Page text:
“Rush I think, is too much of a Talker to be a deep Thinker. Elegant not great.” (1775, John Adams)
“Doctor and politician. Knowledgeable, eloquent, active, but vain and bombastic in debates.” (1788, Louis Guillaume Otto)
Born near Philadelphia; educated College of New Jersey (Princeton); received medical degree, University of Edinburgh, Scotland. Began medical practice in Philadelphia, 1769. Member Continental Congress, 1776-77; signed Declaration of Independence. Appointed surgeon general, Middle Department, 1777; member Republican Society, 1779; helped found Dickinson College at Carlisle, 1782. Delegate Pennsylvania Convention, voted to ratify U.S. Constitution, 1787; wrote many newspaper essays supporting ratification of Constitution; campaigned for revision of Pennsylvania constitution. Member Pennsylvania Democratic Society, 1794. Treasurer of United States Mint, 1797-1813. Supported movement for prison reform, educational reform, female education, temperance, and abolition of slavery. Coordinated rapprochement between Thomas Jefferson and John Adams, 1812.
Descriptions of Benjamin Rush
John Adams, 24 Diary, September 1775
Dr. Rush came in. He is an elegant, ingenious Body. Sprightly, pretty fellow. He is a republican. He has been much in London. . . . But Rush I think, is too much of a Talker to be a deep Thinker. Elegant not great.
Louis Guillaume Otto, “Biographies”, Fall 1788
Doctor and politician. Knowledgeable, eloquent, active but vain and bombastic in debates. He affects too much enthusiasm for France to be believed sincere.
William Stephens Smith to Oliver Wolcott Jr., 25 February 1798
I see the old dispute revived with great violence for bleeding for fever and ague, and that Dr. Rush is charged with bleeding many hundreds to death. I was not very much surprised of this charge, but I confess I was surprised to see him appointed treasurer of the mint. I hope he won’t bleed that to death also. . . . I always considered the Doctor a wrong-headed politician. I know for a fact he was, at the election of President, very much in favor of the Vice President [i.e., Thomas Jefferson].
Benjamin Rush to John Adams, 8 September 1810
I have sometimes amused myself by enumerating the different kinds of hatred that operate in the world. They are the “odium theologicum,” the “odium politicum,” the “odium philologium,” and the “odium medicum.” It has been my lot—I will not call it my misfortune—to be exposed to them all. The divines hate me for holding tenets that they say lead to materialism and that are opposed to the rigid doctrines of Calvin. The politicians hate me for being neither a democrat nor a monarchist, neither a Frenchman nor an Englishman. The philologists hate me for writing against the dead languages; and the physicians for teaching a system of medicine that has robbed them by its simplicity of cargoes of technical lumber by which they imposed upon the credulity of the world.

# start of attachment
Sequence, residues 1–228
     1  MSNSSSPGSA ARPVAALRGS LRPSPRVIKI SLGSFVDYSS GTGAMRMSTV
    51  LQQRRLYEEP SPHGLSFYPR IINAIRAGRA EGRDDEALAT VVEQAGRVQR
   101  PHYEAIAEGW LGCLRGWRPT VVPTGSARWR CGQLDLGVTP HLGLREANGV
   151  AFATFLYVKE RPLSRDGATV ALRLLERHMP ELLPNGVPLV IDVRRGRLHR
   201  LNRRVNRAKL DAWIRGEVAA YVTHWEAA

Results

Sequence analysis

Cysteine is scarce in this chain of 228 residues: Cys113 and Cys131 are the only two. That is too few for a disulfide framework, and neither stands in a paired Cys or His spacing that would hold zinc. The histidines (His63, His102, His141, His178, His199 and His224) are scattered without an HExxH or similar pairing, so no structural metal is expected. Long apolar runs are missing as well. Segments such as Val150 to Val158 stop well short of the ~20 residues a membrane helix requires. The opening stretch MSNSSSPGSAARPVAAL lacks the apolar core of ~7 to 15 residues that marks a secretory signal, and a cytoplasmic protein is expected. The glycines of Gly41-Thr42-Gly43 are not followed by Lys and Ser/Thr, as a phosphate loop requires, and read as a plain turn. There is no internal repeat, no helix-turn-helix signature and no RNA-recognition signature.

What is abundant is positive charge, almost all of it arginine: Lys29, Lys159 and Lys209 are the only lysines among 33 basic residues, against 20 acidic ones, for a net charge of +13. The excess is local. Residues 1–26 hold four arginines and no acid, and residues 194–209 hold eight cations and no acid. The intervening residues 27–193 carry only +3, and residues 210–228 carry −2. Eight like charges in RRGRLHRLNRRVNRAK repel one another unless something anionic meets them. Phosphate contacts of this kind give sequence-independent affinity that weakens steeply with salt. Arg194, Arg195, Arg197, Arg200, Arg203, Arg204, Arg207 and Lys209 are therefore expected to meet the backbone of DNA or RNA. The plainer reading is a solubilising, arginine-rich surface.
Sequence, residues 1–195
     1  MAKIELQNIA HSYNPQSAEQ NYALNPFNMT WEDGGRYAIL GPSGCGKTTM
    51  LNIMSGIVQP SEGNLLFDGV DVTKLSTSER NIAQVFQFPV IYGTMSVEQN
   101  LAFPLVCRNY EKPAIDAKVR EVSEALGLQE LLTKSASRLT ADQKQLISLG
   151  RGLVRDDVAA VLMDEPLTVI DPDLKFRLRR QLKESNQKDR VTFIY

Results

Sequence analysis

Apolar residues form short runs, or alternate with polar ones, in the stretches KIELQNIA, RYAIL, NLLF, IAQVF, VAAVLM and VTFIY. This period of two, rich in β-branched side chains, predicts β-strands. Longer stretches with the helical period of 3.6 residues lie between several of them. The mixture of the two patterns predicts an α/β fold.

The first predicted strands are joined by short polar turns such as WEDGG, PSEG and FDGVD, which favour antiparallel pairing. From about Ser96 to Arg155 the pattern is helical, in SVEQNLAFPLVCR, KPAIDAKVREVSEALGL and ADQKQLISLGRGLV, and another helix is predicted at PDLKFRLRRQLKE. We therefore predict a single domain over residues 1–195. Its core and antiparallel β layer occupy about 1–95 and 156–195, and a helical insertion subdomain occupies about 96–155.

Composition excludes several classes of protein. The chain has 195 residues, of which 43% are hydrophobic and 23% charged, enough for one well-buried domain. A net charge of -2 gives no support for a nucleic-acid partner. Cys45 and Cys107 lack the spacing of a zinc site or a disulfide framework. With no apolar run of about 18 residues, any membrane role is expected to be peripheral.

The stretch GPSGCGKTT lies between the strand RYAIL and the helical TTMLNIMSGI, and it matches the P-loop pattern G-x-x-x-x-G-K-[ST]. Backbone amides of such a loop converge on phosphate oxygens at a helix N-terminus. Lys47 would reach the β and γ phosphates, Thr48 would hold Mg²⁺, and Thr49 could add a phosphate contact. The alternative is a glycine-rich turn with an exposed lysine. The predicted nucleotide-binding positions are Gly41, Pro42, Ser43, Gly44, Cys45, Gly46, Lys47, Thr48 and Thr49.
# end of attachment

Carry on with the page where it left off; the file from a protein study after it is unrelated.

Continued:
John Adams to Elbridge Gerry, 26 April 1813
As a man of Science, Letters, Taste, Sense, Philosophy, Patriotism, Religion, Morality, Merit, Usefulness, taken all-together Rush has not left his equal in America, nor that I know in the World. In him is taken away, and in a manner most sudden and totally unexpected a main Prop of my Life.
Thomas Jefferson to Richard Rush, 31 May 1813
No one has taken a more sincere part than myself in the affliction which has lately befallen your family, by the loss of your inestimable and ever to be lamented father. His virtues rendered him dear to all who knew him, and his benevolence led him to do all men every good in his power. Much he was able to do, and much therefore will be missed. My acquaintance with him began in 1776. It soon became intimate, and from that time a warm friendship has been maintained by a correspondence of unreserved confidence. [Jefferson asks for the return of several letters he wrote to Benjamin Rush that contained personal information, such as Jefferson’s thoughts on religion.]